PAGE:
administered to patients with low CD4 counts.  CD4

 

      counts must be monitored before and weekly

 

      throughout therapy.

 

                [Slide.]

 

                Side effects that have been associated

 

      thus far with Amevive have been lymphopenia.

 

      There's also been an increased risk of

 

      malignancies, particularly skin cancer--or basal

 

      cell carcinoma and squamous cell carcinoma--and an

 

      increased risk for lymphoma.

 

                There have been serious infections

 

      requiring hospitalization.  There is also a risk of

 

                                                                37

 

      reactivation of chronic, latent infections, and of

 

      hypersensitivity reactions.

 

                [Slide.]

 

                hopefully this has given you a good

 

      background on the disease of psoriasis, and also

 

      the state of the armamentarium for treating this

 

      disease.

 

                Thank you.

 

                DR. STERN: Thank you very much for a very

 

      nice presentation.

 

                Could I ask two quick questions?

 

                The first is: topical tazarotene, the

 

      package labeling says that there should be a

 

      pre-treatment pregnancy test in women who might be

 

      or become pregnant.  Is that the labeling for

 

      topical tazarotene?

 

                DR. COOK: Yes, what I had up there, it's

 

      directly out of the label.

 

                DR. STERN: Okay.  And the second is: you

 

      had, for acitretin that the indication is severe

 

      psoriasis, not moderate to severe psoriasis.

 

                DR. COOK: Yes, severe--

 

                                                                38

 

                DR. STERN: It's severe.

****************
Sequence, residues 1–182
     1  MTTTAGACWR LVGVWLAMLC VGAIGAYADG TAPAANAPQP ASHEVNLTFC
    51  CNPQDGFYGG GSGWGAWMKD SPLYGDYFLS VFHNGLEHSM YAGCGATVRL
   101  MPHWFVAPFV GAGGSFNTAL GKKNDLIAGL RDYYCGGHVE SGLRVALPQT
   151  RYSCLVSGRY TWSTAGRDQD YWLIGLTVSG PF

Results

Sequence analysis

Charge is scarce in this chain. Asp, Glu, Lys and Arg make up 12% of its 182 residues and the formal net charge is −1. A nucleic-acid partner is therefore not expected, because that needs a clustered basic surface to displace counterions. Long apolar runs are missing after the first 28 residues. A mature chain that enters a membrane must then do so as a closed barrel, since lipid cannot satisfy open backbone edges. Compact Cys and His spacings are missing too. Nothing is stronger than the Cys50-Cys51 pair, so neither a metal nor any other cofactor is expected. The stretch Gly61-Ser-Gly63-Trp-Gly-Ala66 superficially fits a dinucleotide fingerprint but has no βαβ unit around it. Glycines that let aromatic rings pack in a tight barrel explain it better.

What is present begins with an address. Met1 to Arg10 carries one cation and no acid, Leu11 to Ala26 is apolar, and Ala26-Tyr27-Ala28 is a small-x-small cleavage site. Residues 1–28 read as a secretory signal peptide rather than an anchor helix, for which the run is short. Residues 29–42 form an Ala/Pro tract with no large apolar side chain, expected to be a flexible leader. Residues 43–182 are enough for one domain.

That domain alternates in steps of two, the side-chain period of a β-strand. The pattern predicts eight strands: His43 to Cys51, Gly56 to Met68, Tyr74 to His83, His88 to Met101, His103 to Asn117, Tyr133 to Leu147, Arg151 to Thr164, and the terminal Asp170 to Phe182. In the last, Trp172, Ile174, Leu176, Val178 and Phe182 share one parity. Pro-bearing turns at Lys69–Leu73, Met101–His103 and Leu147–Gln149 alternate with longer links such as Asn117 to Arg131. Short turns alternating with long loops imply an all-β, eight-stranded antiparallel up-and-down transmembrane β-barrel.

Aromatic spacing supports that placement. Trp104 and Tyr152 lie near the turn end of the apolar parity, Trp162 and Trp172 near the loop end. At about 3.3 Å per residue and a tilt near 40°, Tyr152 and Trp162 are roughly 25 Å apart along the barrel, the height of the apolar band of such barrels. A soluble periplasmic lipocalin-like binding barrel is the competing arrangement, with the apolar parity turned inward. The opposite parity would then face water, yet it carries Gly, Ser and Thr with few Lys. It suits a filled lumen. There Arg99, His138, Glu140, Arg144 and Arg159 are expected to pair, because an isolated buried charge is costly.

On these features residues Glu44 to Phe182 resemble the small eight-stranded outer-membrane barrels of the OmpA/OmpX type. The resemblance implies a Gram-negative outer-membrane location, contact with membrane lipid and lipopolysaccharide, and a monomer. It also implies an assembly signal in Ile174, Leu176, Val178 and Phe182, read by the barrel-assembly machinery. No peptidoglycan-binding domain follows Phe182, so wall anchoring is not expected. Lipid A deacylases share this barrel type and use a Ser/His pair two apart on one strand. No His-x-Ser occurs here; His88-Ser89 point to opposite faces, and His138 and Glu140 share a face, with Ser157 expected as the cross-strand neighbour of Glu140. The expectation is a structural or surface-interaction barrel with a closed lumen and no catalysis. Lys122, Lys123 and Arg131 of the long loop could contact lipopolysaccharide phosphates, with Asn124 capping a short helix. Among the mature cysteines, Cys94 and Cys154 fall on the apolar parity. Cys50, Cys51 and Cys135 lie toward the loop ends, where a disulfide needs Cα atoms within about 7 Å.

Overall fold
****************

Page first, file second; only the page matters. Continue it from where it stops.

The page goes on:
DR. COOK: It's severe psoriasis.

 

                DR. STERN: Okay.  Thank you very much.

 

      Thank you for a great presentation.  It was very

 

      clear.  And I enjoyed it.

 

                And now we will go on to the Allergan

 

      presentation, with Dr. Patricia Walker, Vice

 

      President of the Skin Care Pharmaceuticals

 

      Division, giving the introduction for the sponsor's

 

      application.

 

                       Allergan NDA Presentation

 

                              Introduction

 

                DR. WALKER: Good morning.

 

                Allergan is here today to seek approval

 

      for our oral tazarotene gel formulation--gel

 

      capsule formulation--for the treatment of moderate

 

      to very severe psoriasis.

 

                What I'd like to show you today is that

 

      tazarotene is a retinoid, and as a retinoid, it

 

      does have some unique pharmacology and receptor

 

      activity.  We've demonstrated efficacy in the

 

      treatment of moderate to very severe psoriasis.  We

 

                                                                39

 

      feel our drug is differentiated from other

 

      retinoids--and actually has an improved safety

 

      profile relative to other drugs in this class.

 

      Tazarotene is a teratogen--or a probable

 

      teratogen--and we've developed a Risk Minimization